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ARS Home » Northeast Area » Beltsville, Maryland (BARC) » Beltsville Agricultural Research Center » Environmental Microbial & Food Safety Laboratory » Research » Publications at this Location » Publication #322081

Research Project: ECOLOGY AND MOLECULAR EPIDEMIOLOGY OF ZOONOTIC BACTERIAL PATHOGENS ASSOCIATED WITH DAIRY FARMS

Location: Environmental Microbial & Food Safety Laboratory

Title: Genomic and evolutionary analysis of two Salmonella enterica serovar Kentucky sequence types isolated from bovine and poultry sources in North America

Author
item Haley, Bradd
item Kim, Seon Woo - Us Department Of Agriculture (USDA)
item Pettengill, James - Food And Drug Administration(FDA)
item Luo, Yan - Food And Drug Administration(FDA)
item Karns, Jeffrey
item Van Kessel, Jo Ann

Submitted to: PLoS One
Publication Type: Peer Reviewed Journal
Publication Acceptance Date: 8/3/2016
Publication Date: 10/3/2016
Citation: Haley, B.J., Kim, S., Pettengill, J., Luo, Y., Karns, J.S., Van Kessel, J.S. 2016. Genomic and evolutionary analysis of two Salmonella enterica serovar Kentucky wequence types isolated from bovine and poultry sources in North America. PLoS One. doi: 10.1371/journal.pone.0161225.

Interpretive Summary: Salmonella enterica is a leading cause of foodborne disease in the United States. Some Salmonella serovars (or types) cause disease in other animals, while some do not. Salmonella enterica serovar Kentucky is frequently isolated from the feces of dairy cows and poultry, two distantly related animals. Cows and poultry colonized by Salmonella Kentucky do not show overt signs of disease, and there is therefore the potential for these stains to contaminate the food supply without prior detection. However, some strains of Salmonella Kentucky have been isolated from humans in the United States, Southeast Asia, and Africa. In an attempt to understand the differences between strains isolated from poultry, cows, and humans, the genomes of 104 isolates were sequenced and compared. Results of our analysis revealed that Salmonella Kentucky strains isolated from poultry recently evolved from strains that colonize cows after a series of two mutations in the chromosome and the acquisition of two plasmids. Salmonella Kentucky strains that are implicated in human illness globally have genes in their genomes that are associated with virulence, such as sialic acid metabolism regions and intestinal colonization factors. These results will help to improve our understanding of the differences between Salmonella strains that infect humans, cows, and poultry, and may be used to help develop intervention strategies in the future. This information will be useful to other scientists and regulatory agencies.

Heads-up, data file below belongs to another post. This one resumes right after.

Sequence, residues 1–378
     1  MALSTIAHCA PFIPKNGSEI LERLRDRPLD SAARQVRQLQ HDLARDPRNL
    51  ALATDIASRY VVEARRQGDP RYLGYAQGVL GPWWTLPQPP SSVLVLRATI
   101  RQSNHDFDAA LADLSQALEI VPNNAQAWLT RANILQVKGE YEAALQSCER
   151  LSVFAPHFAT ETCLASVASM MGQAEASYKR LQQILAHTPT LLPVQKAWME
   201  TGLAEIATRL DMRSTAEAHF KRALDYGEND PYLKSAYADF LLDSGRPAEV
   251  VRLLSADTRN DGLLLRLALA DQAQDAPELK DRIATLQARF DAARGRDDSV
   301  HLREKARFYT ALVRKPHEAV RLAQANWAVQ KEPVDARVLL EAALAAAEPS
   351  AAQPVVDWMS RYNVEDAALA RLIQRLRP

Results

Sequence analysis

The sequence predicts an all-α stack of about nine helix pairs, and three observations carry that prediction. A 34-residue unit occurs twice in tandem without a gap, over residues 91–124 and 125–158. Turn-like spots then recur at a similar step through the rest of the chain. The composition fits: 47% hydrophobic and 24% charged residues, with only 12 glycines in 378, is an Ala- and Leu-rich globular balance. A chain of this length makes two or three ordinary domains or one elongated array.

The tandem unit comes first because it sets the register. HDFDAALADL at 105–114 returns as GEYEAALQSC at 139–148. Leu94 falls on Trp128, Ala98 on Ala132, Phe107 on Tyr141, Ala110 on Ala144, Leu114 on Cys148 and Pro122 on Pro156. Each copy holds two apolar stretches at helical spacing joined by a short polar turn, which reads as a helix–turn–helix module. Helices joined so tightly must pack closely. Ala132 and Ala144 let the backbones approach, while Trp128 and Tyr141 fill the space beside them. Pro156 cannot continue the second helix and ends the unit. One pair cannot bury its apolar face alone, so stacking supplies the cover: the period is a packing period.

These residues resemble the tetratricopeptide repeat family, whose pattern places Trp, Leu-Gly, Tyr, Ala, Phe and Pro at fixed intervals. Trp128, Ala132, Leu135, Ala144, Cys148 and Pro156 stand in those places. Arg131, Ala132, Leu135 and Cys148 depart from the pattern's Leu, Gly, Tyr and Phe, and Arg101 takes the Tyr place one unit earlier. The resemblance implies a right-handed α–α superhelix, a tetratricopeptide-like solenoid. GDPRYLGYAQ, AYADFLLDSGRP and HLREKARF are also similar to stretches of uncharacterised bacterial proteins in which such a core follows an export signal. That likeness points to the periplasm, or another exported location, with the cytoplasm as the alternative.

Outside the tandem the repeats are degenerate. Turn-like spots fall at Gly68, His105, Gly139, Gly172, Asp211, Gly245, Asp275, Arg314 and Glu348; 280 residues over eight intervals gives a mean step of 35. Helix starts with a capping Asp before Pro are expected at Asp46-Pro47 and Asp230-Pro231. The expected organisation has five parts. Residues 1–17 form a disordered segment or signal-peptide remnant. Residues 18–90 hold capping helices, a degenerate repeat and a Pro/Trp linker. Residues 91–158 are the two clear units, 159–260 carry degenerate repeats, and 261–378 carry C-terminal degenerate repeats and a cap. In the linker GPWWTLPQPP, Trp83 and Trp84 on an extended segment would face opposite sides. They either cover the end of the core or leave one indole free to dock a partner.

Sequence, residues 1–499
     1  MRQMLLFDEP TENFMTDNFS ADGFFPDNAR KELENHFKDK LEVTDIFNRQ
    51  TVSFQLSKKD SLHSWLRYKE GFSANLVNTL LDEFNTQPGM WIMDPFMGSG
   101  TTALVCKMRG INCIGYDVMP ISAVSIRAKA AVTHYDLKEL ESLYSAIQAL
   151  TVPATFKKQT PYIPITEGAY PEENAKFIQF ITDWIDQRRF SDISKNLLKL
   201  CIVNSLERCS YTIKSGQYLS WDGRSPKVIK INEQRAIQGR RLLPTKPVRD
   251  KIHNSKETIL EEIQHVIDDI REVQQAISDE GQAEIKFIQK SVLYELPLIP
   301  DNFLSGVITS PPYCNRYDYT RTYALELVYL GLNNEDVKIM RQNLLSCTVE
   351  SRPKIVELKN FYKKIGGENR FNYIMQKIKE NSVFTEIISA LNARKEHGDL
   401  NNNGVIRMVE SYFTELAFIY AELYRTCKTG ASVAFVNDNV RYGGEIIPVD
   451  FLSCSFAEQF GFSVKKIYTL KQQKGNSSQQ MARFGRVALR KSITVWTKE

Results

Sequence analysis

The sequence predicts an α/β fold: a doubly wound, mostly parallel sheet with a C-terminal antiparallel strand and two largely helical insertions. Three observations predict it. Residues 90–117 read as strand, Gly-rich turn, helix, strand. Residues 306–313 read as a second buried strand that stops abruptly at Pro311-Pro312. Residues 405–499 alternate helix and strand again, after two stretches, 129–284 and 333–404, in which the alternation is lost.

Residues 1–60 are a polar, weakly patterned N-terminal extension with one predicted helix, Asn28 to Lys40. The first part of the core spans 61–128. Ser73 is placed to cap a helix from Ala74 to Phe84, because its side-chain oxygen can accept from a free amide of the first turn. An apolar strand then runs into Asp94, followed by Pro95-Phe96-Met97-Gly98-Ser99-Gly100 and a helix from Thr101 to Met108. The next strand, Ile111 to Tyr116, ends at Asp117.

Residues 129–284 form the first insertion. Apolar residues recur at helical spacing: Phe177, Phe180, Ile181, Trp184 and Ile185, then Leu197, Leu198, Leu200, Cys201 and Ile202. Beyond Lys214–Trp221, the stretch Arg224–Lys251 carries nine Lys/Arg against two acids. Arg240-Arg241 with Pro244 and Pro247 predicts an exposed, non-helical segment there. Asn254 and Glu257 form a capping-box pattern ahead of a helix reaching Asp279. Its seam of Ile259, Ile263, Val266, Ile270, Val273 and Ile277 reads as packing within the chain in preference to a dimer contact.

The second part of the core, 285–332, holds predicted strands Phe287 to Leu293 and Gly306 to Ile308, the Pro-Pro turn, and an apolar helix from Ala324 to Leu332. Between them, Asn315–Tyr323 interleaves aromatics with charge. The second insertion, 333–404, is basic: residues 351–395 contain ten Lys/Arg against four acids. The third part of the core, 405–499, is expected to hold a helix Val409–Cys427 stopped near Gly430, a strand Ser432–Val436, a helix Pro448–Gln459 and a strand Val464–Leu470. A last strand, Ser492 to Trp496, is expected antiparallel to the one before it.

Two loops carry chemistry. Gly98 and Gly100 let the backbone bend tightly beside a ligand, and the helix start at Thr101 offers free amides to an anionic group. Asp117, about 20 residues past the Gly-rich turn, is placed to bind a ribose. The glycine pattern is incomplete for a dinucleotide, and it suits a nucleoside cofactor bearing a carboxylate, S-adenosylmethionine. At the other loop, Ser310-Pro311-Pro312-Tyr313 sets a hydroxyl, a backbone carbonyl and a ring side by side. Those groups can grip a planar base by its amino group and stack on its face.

Technical Abstract: Salmonella enterica subsp. enterica serovar Kentucky is frequently isolated from healthy poultry and dairy cows and is occasionally isolated from people with clinical disease. A genomic analysis of 119 isolates collected in the United States from dairy cows, ground beef, poultry and poultry products, and human clinical cases was conducted. Results of the analysis demonstrated that the majority of poultry and bovine-associated S. Kentucky were sequence type (ST) 152. Several bovine-associated (n=3) and food product isolates (n=3) collected from the United States and the majority of human clinical isolates were ST198, a sequence type that is frequently isolated from poultry and occasionally from human clinical cases in Northern Africa, Eastern Europe and Southeast Asia. A phylogenetic analysis indicated that both STs are more closely related to other Salmonella serovars than they are to each other. Additionally, there was strong evidence of an evolutionary divergence between the poultry-associated and bovine-associated ST152 isolates that was due to polymorphisms in four core genome genes. The three ST198 isolates recovered from dairy farms in the United States were phylogenetically distinct from those collected from human clinical cases with 66 core genome SNPs differentiating the two groups of isolates but more isolates are needed to determine the significance of this distinction. Identification of S. Kentucky ST198 from dairy animals in the United States suggests that the presence of this pathogen should be monitored in food-producing animals.